Palaeontologist v Paleontologist – What’s the Difference?
During our school visits to carry out dinosaur and fossil themed workshops we often get asked to help with various aspects of the teaching scheme of work. Everything Dinosaur’s team members are happy to provide advice and to assist where they can. We even send out lots of free teaching resources, lesson plans, activity ideas and learning aids related to fossils and prehistoric animals. However, we do see a lot of other teaching resources, many of which have been downloaded from education company websites, that are inaccurate. Some of these resources have cost money, thus depleting an already stretched teaching budget. We try to do what we can to help out.
Everything Dinosaur Provides a Lot of Teaching Resources to Schools
Picture credit: Everything Dinosaur
Today we will deal with a very simple point, the difference between “palaeontology” and “paleontology”. We know that a number of the resources used by teachers and learning support providers (home educators too for that matter), are sourced from other countries, such as America. Herein lies the confusion. The word palaeontology is often seen in these resources (and elsewhere) with an “a” missing. We have the term “palaeontologist” and also “paleontologist”.
So let’s start at the beginning – what is palaeontology or paleontology?
Palaeontology or paleontology mean the same thing. These words describe the branch of science that deals with the study of extinct animals and plants and their fossilised remains. The word is derived from the Greek palaios which means “ancient”, a reference to prehistoric times. Palaeontology (with an extra “a” added) is the term used in Britain and elsewhere in the world, whilst paleontology is the Americanised version of the word and it is customarily used in the USA. Both words are interchangeable but most institutions tend to use one word rather than the other. For example, Everything Dinosaur uses the term palaeontology, whilst the Chicago Field Museum (Illinois, USA) uses the word paleontology. The dropping the “a” convention applies to all the sub-disciplines in this broad area of scientific study.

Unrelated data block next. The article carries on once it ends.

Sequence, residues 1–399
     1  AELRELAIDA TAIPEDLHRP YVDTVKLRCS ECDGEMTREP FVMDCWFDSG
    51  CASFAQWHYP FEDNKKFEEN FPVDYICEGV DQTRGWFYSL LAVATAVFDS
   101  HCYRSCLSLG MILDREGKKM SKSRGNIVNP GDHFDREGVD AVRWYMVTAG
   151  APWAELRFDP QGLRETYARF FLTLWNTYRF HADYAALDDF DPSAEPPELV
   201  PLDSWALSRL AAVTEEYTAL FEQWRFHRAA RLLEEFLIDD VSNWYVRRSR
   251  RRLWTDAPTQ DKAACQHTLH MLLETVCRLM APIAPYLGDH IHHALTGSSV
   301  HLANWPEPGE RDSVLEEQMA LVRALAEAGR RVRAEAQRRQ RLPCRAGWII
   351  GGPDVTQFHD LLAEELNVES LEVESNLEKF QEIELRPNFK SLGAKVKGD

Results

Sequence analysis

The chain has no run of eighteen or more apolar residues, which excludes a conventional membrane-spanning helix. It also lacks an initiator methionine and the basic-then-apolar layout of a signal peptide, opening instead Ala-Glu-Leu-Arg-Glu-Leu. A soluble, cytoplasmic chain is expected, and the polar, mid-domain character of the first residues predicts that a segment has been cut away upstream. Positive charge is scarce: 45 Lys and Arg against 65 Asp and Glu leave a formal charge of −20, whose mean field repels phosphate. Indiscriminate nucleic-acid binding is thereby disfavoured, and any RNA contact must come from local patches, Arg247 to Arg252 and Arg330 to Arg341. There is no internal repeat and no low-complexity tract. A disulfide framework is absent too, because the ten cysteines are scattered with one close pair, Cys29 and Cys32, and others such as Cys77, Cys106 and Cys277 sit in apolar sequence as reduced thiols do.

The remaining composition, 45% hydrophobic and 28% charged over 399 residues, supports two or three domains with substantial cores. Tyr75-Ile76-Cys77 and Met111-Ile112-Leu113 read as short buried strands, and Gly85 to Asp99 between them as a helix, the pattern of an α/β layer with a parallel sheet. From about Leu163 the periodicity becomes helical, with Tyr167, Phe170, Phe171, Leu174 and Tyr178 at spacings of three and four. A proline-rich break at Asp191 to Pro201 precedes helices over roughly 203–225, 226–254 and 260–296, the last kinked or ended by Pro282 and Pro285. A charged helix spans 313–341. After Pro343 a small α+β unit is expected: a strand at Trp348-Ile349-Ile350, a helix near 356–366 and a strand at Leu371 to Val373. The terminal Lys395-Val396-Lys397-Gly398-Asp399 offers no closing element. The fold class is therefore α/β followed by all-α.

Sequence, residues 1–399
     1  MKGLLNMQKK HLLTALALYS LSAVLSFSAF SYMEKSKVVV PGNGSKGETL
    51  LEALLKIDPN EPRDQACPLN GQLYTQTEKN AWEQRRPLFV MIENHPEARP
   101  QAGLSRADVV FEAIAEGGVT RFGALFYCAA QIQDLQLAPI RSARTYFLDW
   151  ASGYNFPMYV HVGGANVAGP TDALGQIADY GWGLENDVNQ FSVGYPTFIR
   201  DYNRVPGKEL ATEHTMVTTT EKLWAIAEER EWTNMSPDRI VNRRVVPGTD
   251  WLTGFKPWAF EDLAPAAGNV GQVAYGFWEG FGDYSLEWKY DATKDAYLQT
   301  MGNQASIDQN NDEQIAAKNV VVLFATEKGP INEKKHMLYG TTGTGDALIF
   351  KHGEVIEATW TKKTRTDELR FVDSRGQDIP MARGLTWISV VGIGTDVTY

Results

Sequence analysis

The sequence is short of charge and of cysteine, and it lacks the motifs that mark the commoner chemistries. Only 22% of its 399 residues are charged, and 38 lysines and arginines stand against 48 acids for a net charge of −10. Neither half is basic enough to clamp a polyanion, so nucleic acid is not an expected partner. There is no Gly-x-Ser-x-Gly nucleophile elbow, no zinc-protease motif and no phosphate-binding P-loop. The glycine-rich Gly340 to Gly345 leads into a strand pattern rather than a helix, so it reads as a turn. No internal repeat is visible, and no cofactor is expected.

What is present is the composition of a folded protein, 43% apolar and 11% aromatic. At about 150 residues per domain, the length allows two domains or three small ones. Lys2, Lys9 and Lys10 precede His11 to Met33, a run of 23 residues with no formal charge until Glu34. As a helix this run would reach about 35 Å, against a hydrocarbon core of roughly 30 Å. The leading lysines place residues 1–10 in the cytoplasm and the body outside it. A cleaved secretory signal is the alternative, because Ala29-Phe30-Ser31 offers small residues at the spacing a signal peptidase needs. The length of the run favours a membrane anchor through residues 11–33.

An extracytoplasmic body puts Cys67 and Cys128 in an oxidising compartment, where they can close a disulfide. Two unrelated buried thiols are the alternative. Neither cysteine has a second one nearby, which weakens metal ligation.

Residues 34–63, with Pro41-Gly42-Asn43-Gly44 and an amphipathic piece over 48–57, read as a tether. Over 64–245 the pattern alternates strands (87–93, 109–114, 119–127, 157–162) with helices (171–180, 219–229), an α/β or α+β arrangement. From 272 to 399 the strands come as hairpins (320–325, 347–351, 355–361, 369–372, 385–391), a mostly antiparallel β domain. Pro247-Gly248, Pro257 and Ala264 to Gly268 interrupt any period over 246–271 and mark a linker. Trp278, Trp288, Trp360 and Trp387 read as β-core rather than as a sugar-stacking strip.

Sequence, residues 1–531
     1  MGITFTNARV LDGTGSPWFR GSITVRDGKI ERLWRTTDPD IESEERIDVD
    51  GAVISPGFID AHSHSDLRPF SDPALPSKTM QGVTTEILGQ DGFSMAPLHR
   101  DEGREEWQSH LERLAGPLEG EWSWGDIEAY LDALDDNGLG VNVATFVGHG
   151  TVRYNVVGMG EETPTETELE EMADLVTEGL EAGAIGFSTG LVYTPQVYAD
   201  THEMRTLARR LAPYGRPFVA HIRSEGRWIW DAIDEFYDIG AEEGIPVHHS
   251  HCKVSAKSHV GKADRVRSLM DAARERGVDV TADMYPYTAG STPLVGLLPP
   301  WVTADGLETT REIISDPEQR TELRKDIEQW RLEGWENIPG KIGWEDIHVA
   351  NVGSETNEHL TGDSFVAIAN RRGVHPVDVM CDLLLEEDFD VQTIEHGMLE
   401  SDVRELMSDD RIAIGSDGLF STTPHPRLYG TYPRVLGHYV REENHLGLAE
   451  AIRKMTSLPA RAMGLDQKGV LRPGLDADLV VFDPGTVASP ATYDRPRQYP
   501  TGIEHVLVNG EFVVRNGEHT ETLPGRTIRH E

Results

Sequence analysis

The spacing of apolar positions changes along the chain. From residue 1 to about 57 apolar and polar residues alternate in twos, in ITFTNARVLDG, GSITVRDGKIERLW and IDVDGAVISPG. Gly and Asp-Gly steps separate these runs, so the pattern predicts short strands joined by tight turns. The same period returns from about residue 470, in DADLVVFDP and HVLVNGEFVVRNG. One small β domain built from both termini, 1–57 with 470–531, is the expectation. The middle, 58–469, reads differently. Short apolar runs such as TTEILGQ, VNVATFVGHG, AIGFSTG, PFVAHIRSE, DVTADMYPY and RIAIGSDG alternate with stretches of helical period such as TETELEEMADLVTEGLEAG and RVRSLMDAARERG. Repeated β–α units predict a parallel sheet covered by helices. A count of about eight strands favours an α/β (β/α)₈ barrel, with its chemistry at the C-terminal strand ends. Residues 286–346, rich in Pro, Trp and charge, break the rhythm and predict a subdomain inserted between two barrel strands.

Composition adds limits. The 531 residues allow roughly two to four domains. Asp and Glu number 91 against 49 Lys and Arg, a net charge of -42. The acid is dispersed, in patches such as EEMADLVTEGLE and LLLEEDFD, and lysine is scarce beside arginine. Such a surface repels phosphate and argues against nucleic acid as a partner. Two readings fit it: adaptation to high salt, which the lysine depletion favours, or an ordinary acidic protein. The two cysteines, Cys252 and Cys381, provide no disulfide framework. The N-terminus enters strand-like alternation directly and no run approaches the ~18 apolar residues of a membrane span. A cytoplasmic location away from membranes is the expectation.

Common Terms in Palaeontology and Related Subjects
Palaeontology (UK) Paleontology (USA) – The study of extinct organisms and their fossils.
Palaeontologist (UK) Paleontologist (USA) – A person who studies extinct organisms and their fossils.
Vertebrate Palaeontologist (UK) Vertebrate Paleontologist (USA) – The branch of palaeontology that studies animals with back bones.
Invertebrate Palaeontologist (UK) Invertebrate Paleontologist (USA) – The branch of palaeontology that studies animals without back bones.
Micropalaeontology (UK) Micropaleontology (USA) – The study of microscopic fossils (micro-fossils).
Palaeobotany (UK) Paleobotany (USA) – fossil plants; traditionally includes the study of fossil algae and fungi in addition to land plants.
Human Palaeontology (UK) Human Paleontology (USA) – The study of prehistoric human and proto-human fossils.
Palaeoanthropology (UK) Paleoanthropology (USA) – As above (prehistoric human and proto-human fossils).
Palaeoecology (UK) Paleoecology (USA) – Ecology of extinct and prehistoric organisms.
Palaeoclimatology (UK) Paleoclimatology (USA) – The study of past climates.
Palaeogeography (UK) Paleogeography (USA) – Study of geographical features of the past.
Palaeomagnetism (UK) Paleomagnetism (USA) – Study of the magnetism remaining in rocks and related magnetic fields.
Credit: Everything Dinosaur
So the terms palaeontology and paleontology are equally valid, but whilst working in schools and UK based museums we tend to use the terms with an extra “a”.
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